Friends that visit CANNOT believe we got this house, in this area, for this price. It’s amazing. It’s light, sunny and warm. It has a big yard. It’s right across the road from a massive park. It has views of the mountains from the front yard.

We found out the story of the house from the neighbours soon after moving. It had been empty for 8 years. 8 YEARS! I know that I know that God saved this house for us. And handed it to us on a platter. It’s a total miracle and such a blessing.

So that’s our cool house story. Isn’t it a good one?

Deb xx

Oh Baby!


Over the past five to six months Caleb and I have been on an unexpected journey; a fertility one. Since we got pregnant immediately, like instantaneously, with Judah, we always joked about having to be careful sneezing around each other in case I got pregnant. It would seem that for now the sneeze-conception danger is low.

I hesitated a wee bit to write about this, mainly because we’re not out of the woods yet, and it appears that most people tend to communicate their struggles in this area after there is a resolution. I totally get that. It’s a private thing, and can be so fraught with emotion, that the thought of more than a handful of people knowing could be really overwhelming. However, I’ve always been a heart-on-sleeve kind of person. And I really am doing okay. If I wasn’t, I don’t think I’d be able to share all this. So here’s the story so far…

We weren’t totally off-base in our high opinion of just how fertile we are; it would appear that the actual making of the babies isn’t a problem. It’s just that my uterus is not being very hospitable right now. It appears that we’ve managed to make at least three teeny-tiny babies that haven’t been able to find a place to rest. So I recently visited an OBGYN. I say that because it’s so much more palatable than the alternative; gyna******st is like Voldemort (he who must not be named). It makes my inner-teenager want to gallop towards the hills with my legs crossed! Anyway, it’s not yet totally clear what’s going on, but we have a plan in place, and there is plenty of hope.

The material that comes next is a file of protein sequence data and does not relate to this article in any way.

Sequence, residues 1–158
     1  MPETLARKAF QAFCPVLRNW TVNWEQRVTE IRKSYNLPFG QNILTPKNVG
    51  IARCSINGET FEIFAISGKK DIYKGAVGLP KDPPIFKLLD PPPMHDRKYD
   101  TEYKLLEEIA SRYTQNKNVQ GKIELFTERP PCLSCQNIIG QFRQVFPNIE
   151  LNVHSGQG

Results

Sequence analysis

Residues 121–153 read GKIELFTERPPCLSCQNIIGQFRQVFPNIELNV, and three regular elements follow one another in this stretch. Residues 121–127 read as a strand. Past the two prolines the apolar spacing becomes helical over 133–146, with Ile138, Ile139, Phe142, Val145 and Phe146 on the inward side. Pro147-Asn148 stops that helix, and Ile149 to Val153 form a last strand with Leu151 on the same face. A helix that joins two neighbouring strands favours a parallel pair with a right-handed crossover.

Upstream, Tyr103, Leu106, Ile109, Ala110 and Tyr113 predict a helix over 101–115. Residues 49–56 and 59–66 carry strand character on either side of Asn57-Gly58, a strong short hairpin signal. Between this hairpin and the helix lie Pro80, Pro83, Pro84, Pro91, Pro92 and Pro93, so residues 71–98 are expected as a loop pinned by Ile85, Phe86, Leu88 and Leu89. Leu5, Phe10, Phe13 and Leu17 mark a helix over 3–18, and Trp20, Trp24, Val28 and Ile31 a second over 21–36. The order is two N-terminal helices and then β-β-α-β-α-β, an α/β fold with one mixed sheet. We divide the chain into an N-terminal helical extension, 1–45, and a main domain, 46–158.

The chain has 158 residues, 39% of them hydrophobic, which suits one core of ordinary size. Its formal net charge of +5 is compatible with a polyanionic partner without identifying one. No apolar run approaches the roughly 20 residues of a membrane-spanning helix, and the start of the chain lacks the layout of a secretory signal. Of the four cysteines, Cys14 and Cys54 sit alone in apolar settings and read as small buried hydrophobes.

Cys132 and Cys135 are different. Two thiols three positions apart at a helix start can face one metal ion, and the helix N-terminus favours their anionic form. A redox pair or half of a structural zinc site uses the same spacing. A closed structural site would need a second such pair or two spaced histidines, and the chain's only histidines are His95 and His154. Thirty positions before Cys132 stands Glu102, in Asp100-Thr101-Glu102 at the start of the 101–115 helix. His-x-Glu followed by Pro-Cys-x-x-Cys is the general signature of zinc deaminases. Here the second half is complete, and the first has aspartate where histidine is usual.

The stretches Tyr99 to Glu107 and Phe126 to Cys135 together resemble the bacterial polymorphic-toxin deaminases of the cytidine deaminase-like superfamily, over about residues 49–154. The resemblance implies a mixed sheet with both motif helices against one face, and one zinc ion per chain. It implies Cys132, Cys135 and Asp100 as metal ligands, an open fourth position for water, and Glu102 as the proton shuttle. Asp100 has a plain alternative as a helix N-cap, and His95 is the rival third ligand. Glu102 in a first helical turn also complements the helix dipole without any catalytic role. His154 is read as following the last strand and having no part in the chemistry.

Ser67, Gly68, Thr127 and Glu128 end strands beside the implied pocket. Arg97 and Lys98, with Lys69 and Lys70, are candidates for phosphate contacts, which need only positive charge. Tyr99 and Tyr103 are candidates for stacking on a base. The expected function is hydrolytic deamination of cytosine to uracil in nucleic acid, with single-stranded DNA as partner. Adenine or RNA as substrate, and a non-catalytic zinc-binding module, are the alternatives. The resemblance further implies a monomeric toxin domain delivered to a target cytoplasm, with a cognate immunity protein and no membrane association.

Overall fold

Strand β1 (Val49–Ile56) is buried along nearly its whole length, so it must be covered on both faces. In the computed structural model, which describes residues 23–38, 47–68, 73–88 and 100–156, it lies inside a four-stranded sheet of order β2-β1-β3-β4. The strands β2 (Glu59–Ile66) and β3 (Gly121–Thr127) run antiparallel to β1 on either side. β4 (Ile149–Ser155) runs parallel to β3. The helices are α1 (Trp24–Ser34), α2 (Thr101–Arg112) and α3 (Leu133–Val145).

The focus of my blog this week though, is not the nitty gritty of fertility land. It’s the emotional landscape I wish to explore. When I say I’m okay, this of course doesn’t mean that there haven’t been rough days. I had just found out about the latest early miscarriage and I was sitting on the floor admiring Judah’s Duplo tower-truck. And then he just smashed it over my face. So I cried and went back to bed for three hours. Naturally there are going to be days like that. And the days of fevered pregnancy testing, the hope of early positives, the disappointment of ensuing negatives, and the anxious googling to see if it’s possible to get a positive – negative – positive test.

So yes, there have been those days. But the place I stand right now is one of such hope. And genuine joy. I feel like the journey I’ve been on over the last several years, but particularly in the past year, has been one that has solidified my trust in the kindness of Jesus. I read a book for my counselling degree some time ago that has impacted me greatly. The author talks about the many things in life that clamber for the Number One spot in our affections and attentions. Many of which are good and valid things; family, relationships, health, finance, church, kids, work. However, when anything other than the pursuit of Christ takes top spot, things get out of sync with the way God designed life to work.

Through his comforting kindness, I am beginning to see this journey from a more eternal perspective. I was out walking by the canal the other day, and I felt like God spoke to my heart and said, “Deb, I really wanted those babies with me. Thank you for taking care of them.” That may sound a little harsh to some, but it really did change the way I viewed this season. I don’t know about you, but I look at my little Judah, and although he’s definitely my son, he is just so much more God’s son. Our kids are humans that God has placed with us to love and guide and take care of. But they are ultimately his. So are my little babies that we didn’t get to meet. And they are in SUCH a good place!

I’ve also come to realise nothing other than Jesus will provide the satisfaction that my soul longs for. That includes another baby. I really want another child. But I want Christ more. I really do. Because I know he has my best interests at heart. As a result of his overwhelming kindness, I am able to say, for now, that he is at Number One. The cool thing is that he’s promised us another kiddo through a myriad of cool ways. So we really look forward to that. And in the meantime I will continue trying to trust my lovely Saviour, resting in his open hands, and keeping my gaze in his general direction.

Bless you friends,
Deb x